A. An.The. Or, nothing? When do we use these articles? I'm Arnel from Arnel's
Everyday English and today we're looking at these.
First, we use a with a consonant sound. And we use an with a vowel sound. Vowel?
Consonant? Vowels are: a e i o u and consonants are all the other letters. I
need to tell you, normally in spoken English we pronounce
a, uh. So listen out for that. I have an Apple, vowel sound ah, an. I have an
orange. I have an umbrella. I have an orangutan... I have a dog, the consonant
sound. I have a shoe. I have a cup of coffee. A + consonant sounds, a +
vowel sound. But, let's look at a few exceptions: I go to a university. He is a
unique person. I need an x-ray. So why do I have a with u?
U is a vowel. It's because of the sound. University is pronounced y we have
the Y consonant sound. Again he is a y y unique person, so of course we have u the
vowel but, we need a consonant sound. An x-ray? X is a consonant, e= x-ray. Let's look
at a and an. First we use a or an with a singular countable
noun when we speak about something in general. I need a pen. do you have a pen?
Do I need a specific pen? I don't care, any pen is fine. What did you do last
night? I watched a movie. Which movie? It doesn't matter, I'm not being specific, a
an in general. We also use these when we introduce something for the first time
yesterday I saw a seagull eating a hamburger in the middle of the street. So,
it's the first time I'm telling you, a or an. When speaking about someone's job, I'm
a teacher you're an engineer. Next rule, when we want to say one with big numbers.
I need a hundred roses, I need 100 roses. I've eaten a thousand mangoes in my life.
A thousand ,one thousand. How many times? I go to the gym twice a week. I have a
coffee three times a day. Did you know hummingbirds can flap their
wings 70 times a second? Okay so we looked at the rules for a and an, let's
continue with: the. Remember early in the video I said I need a pen, do you have a
pen? I need a pen, do you have a pen? See, I did say it! You already know we use a or
an for something in general. The is specific. Yes, I bought the sofa.
Here both the speaker and the listener know exactly which sofa I'm speaking
about, it's clear when we use the we use: the. We use the when we mention something for the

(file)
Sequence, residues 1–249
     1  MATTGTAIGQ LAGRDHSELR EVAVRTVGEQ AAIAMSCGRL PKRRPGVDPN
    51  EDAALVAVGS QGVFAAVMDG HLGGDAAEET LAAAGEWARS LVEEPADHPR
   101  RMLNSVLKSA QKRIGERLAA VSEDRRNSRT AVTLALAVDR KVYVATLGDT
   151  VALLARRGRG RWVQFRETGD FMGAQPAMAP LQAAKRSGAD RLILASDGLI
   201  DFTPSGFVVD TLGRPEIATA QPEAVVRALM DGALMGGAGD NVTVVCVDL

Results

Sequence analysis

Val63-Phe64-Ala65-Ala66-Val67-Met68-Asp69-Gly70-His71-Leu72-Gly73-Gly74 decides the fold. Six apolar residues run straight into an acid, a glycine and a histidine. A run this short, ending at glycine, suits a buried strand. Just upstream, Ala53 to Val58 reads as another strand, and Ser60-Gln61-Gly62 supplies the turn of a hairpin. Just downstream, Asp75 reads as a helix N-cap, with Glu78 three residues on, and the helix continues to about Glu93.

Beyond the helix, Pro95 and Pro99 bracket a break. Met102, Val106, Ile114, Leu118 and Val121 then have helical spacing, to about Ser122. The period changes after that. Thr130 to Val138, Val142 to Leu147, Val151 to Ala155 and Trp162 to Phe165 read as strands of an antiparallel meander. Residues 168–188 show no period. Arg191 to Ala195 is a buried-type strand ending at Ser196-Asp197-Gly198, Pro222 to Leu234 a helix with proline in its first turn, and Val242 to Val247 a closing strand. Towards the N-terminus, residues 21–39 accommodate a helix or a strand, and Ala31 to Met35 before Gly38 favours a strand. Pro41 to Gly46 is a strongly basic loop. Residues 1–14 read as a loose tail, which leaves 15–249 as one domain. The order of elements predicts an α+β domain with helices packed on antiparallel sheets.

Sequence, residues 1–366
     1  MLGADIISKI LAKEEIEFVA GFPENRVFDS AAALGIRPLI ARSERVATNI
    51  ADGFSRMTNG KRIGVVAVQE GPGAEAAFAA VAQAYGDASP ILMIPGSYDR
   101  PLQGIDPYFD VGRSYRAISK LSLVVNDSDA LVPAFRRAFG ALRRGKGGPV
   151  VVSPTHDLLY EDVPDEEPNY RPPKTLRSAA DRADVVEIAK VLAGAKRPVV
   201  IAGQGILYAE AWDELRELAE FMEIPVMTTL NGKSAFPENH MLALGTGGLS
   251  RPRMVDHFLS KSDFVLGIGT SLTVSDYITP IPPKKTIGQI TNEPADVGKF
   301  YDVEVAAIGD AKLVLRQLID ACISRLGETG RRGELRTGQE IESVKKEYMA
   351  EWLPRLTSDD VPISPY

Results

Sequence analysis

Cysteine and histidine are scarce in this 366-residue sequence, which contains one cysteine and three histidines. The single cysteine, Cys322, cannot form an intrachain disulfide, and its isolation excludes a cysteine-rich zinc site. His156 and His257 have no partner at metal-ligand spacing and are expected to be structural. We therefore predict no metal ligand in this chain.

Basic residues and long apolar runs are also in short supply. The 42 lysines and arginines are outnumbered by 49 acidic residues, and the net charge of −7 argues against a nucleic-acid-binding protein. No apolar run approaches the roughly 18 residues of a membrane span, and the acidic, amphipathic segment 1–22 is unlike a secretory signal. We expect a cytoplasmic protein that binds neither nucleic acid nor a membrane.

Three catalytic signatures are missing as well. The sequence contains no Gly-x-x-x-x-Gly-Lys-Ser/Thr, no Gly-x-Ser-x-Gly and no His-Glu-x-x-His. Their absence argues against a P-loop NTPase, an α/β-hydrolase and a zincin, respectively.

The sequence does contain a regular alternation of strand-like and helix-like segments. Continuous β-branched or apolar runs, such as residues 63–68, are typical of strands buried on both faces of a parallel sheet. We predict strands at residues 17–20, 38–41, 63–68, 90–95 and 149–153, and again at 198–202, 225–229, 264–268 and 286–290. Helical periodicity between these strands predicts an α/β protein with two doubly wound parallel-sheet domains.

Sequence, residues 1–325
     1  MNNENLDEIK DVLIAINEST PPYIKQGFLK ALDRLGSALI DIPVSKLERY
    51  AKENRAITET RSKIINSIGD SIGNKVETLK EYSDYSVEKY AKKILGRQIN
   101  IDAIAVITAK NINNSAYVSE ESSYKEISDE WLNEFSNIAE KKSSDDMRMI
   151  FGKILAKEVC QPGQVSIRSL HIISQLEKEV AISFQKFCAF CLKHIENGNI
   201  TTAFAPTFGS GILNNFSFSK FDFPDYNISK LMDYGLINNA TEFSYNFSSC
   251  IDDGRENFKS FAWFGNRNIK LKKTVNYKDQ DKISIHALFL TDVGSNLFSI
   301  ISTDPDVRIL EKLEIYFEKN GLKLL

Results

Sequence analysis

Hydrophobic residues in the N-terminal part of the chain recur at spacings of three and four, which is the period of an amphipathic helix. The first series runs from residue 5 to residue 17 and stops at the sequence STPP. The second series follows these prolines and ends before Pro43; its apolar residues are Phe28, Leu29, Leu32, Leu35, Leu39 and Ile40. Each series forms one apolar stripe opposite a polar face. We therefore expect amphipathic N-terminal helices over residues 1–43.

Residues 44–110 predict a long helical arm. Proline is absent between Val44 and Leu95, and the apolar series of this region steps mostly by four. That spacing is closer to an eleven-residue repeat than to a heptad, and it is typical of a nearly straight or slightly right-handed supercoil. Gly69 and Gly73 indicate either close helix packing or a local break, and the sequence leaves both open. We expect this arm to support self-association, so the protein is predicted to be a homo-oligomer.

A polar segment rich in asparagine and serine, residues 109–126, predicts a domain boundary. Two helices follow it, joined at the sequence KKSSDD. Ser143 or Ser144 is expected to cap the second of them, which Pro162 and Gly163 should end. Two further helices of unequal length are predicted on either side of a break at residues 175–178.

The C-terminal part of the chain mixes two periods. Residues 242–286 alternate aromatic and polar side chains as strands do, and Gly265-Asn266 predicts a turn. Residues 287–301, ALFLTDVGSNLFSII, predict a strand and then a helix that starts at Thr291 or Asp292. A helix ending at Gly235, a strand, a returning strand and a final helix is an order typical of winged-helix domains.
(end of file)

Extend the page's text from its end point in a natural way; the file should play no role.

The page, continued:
second time. I saw a seagull eating a hamburger in the middle of the street.
Can you believe it, the seagull finished the hamburger in about two
minutes. Now I'm repeating my subjects, I use the. With superlatives, coffee is the
best drink in the world. You are the smartest person I know.
I think cheetahs are the fastest animal in the world. With groups of society. The
rich, the poor, the homeless, the youth. Robin Hood steals from the rich and
gives to the poor. When there's only one of something. The Sun, the moon. the government,
the Queen. With mountain ranges, oceans, seas, rivers, the Alps, the Pacific, the
Mediterranean, the Thames, the Orkney Islands, lie in the Atlantic. With plural
countries. What do I mean by plural countries? We say: the United Kingdom
because there's many parts together. We say the United States, the Netherlands. We
have that s, there's a plural there. The Philippines, the with plural countries.
With instruments. I can play the piano. My brother can play
the guitar very well. With morning, afternoon and evening. See you in the
morning. I usually work in the afternoons. The evenings are our busiest time. But, we
say at night, not at the the night. We've already looked at so many different
rules I hope you're feeling okay! Now, I need to tell you there's always
exceptions, you know this. If you remember rule number five, there's only one of
something, we use the. But there are always exceptions. So we say Buckingham
Palace but we say the Taj Mahal, the Eiffel Tower. So you have the grammatical
rules and just be prepared to become familiar with different exceptions. No
an, no a, no the. We're speaking about zero article, we also need to know this.
So a quick review: I want a dog. A with countable nouns, general. It doesn't
matter. I want a dog. I want the dog from that movie Benji. The specific dog. I love
dogs. When we use a plural countable noun or an uncountable noun, we don't use an
article when we speak about it in general. I love dogs, they're my favorite
animal. Do I want to be specific? I love the dogs from that TV show. Streets, towns,
cities, countries and specific mountains. I live in New York City on Fulham Road.
The New York City? The Fulham Road? No. I want to climb Mount Everest one day. Not
the Mount Everest. Fantastic, you've done an excellent
job, there are a lot of rules to remember! So, what I want you to do is write me an
example sentence using: a, and, the and no article. can you do it? Don't forget to
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